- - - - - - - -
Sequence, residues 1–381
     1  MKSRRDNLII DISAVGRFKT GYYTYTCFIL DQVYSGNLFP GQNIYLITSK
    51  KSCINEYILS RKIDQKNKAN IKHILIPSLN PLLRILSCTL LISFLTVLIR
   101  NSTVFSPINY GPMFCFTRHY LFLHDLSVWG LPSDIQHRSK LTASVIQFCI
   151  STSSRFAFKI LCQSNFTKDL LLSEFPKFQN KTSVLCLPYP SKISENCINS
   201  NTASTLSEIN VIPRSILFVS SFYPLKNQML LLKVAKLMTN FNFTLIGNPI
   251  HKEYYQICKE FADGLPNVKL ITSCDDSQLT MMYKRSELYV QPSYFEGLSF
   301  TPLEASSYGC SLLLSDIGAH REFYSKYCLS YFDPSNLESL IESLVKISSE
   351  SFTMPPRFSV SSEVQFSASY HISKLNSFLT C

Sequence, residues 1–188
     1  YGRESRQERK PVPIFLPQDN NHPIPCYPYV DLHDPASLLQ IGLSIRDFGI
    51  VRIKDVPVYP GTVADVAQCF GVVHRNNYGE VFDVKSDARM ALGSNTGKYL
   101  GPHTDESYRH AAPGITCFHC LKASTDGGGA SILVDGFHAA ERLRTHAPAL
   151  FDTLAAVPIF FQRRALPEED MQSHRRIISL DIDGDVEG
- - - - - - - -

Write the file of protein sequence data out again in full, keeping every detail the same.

Sequence, residues 1–381
     1  MKSRRDNLII DISAVGRFKT GYYTYTCFIL DQVYSGNLFP GQNIYLITSK
    51  KSCINEYILS RKIDQKNKAN IKHILIPSLN PLLRILSCTL LISFLTVLIR
   101  NSTVFSPINY GPMFCFTRHY LFLHDLSVWG LPSDIQHRSK LTASVIQFCI
   151  STSSRFAFKI LCQSNFTKDL LLSEFPKFQN KTSVLCLPYP SKISENCINS
   201  NTASTLSEIN VIPRSILFVS SFYPLKNQML LLKVAKLMTN FNFTLIGNPI
   251  HKEYYQICKE FADGLPNVKL ITSCDDSQLT MMYKRSELYV QPSYFEGLSF
   301  TPLEASSYGC SLLLSDIGAH REFYSKYCLS YFDPSNLESL IESLVKISSE
   351  SFTMPPRFSV SSEVQFSASY HISKLNSFLT C

Sequence, residues 1–188
     1  YGRESRQERK PVPIFLPQDN NHPIPCYPYV DLHDPASLLQ IGLSIRDFGI
    51  VRIKDVPVYP GTVADVAQCF GVVHRNNYGE VFDVKSDARM ALGSNTGKYL
   101  GPHTDESYRH AAPGITCFHC LKASTDGGGA SILVDGFHAA ERLRTHAPAL
   151  FDTLAAVPIF FQRRALPEED MQSHRRIISL DIDGDVEG